45-year-old Greg Hackney of Gonzales, Louisiana, is ranked in the Top 20 Bass Fishermen in the World.
I’ve been asked many times how I GPS a school of bass. I know that some people drop a GPS waypoint on top of a school of bass. Other anglers GPS the spot where they want to hold their boat to cast to a school of bass. Some anglers GPS a site according to the current.
However, once I find a school of bass, I use my mapping system to drop a GPS waypoint where I want my boat to sit to fish that school. I like to keep my boat away from the school of bass I’m trying to catch. The closest I want to be to a school of bass is 20 yards, but I’d rather be further away from the school than just 20 yards.
Bass are like other wildlife – if they don’t know you’re in an area, or there’s no sign of your being in a region, they’ll act more naturally. Although bass can’t reason, they can be alerted by different sounds that an angler is near, or if anything’s unnatural in the bass’s environment.
For me, the further away from a school of bass I can be but still be able to catch them, the better chances I have for catching more bass out of that school. My rule of thumb is to stay as far away from the school as I can. I prefer to remain down current from the fish. However, if the water depth allows me to use my Power Poles, then the wind doesn’t play as much of a role as to where I hold my boat. I like to use Power Poles to keep me from blowing over the place where the school of bass is located. I use 10-foot blades on my Power Poles, which means I can hold my boat in 9 feet of water.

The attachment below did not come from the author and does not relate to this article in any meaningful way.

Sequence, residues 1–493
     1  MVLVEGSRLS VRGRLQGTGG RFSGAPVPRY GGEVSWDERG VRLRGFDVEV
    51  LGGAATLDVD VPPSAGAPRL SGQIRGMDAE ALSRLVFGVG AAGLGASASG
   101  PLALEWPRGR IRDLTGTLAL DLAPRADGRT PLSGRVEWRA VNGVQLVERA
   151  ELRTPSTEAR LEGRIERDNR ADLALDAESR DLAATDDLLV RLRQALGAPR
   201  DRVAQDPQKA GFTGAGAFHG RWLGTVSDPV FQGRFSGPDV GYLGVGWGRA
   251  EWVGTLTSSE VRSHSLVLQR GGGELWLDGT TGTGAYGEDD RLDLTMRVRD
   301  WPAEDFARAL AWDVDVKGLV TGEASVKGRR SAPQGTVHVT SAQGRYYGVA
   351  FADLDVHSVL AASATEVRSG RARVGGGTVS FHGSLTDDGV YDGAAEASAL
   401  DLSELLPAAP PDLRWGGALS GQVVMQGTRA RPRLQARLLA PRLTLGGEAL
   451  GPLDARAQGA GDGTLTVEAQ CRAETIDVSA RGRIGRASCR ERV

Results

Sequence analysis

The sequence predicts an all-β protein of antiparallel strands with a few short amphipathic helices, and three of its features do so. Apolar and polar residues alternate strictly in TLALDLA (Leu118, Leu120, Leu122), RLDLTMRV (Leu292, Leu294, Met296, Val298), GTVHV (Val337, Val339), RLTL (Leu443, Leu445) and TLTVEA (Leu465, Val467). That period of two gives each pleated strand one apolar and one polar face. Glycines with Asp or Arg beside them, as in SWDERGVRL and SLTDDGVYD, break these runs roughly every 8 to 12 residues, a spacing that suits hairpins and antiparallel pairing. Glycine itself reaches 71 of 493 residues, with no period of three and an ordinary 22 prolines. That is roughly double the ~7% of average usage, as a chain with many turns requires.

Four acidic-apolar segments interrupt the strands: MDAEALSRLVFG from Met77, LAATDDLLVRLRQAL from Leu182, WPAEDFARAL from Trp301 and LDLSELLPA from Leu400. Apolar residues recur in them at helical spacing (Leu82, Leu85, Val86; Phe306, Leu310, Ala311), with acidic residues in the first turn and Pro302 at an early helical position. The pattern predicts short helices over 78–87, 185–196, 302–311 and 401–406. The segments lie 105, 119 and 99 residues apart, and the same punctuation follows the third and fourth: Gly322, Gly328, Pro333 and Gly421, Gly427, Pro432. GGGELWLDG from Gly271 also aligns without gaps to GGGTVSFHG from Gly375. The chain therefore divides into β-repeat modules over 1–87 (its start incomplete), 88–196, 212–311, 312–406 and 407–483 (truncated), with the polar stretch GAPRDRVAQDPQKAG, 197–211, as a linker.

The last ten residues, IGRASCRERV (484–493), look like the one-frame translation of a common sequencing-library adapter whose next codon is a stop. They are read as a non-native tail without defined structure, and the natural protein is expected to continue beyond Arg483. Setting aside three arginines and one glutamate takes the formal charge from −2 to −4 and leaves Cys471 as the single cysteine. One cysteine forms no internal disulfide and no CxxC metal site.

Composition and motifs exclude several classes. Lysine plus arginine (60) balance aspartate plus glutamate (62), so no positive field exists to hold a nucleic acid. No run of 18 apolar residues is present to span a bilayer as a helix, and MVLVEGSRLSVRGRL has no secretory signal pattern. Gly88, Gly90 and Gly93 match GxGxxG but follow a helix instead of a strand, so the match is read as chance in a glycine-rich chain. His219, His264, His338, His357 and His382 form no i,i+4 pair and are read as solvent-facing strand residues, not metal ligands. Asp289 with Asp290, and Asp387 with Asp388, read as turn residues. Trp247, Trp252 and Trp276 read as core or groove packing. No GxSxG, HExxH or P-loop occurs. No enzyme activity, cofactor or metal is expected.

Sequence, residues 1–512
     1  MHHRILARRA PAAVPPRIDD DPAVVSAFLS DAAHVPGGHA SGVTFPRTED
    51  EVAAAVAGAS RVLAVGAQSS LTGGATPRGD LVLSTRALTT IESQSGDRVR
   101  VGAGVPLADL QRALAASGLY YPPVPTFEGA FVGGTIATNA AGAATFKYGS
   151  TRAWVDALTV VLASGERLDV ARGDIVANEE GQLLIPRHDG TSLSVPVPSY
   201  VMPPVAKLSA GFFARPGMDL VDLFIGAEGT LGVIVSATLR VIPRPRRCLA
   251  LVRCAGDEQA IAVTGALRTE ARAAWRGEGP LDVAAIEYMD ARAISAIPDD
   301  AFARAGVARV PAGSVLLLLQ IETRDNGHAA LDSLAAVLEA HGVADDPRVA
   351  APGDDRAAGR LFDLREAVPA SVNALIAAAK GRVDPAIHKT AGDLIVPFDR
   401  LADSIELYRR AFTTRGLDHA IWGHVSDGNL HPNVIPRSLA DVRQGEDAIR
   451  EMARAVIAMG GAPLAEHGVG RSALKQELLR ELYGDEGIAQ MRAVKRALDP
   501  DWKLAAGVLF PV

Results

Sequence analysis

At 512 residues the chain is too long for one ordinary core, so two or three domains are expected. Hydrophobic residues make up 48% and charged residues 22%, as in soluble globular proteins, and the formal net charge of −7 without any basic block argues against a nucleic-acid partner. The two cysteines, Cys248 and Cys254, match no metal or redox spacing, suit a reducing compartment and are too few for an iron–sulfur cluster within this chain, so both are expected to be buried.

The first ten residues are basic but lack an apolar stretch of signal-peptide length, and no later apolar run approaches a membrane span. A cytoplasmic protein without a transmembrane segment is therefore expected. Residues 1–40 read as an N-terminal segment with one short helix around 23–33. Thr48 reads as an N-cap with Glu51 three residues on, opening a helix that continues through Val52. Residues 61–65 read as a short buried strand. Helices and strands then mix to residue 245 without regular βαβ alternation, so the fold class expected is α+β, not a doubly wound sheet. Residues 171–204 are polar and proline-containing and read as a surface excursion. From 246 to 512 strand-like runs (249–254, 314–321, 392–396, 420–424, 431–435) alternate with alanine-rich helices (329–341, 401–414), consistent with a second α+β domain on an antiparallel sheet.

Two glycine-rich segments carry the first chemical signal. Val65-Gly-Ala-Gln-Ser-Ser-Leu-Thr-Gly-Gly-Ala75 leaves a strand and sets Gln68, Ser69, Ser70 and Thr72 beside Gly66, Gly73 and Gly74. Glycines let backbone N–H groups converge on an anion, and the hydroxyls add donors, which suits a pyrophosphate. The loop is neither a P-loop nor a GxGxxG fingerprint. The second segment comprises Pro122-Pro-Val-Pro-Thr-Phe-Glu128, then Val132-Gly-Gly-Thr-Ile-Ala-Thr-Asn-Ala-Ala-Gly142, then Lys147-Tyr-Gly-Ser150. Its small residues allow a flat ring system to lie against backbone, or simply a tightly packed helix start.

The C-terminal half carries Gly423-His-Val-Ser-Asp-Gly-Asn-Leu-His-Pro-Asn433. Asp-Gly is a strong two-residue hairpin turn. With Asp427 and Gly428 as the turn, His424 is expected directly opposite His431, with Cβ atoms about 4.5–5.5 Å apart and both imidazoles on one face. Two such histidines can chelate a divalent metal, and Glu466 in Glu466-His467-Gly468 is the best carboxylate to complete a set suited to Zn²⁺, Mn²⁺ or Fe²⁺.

When I’m searching for bass, I may drift with the wind and cover as much water as possible. But then once I pinpoint a school and mark those bass, I may allow my boat to blow past the bass, go upwind and put my Power Poles out to hold my boat to enable me to fish with the wind to fish the school.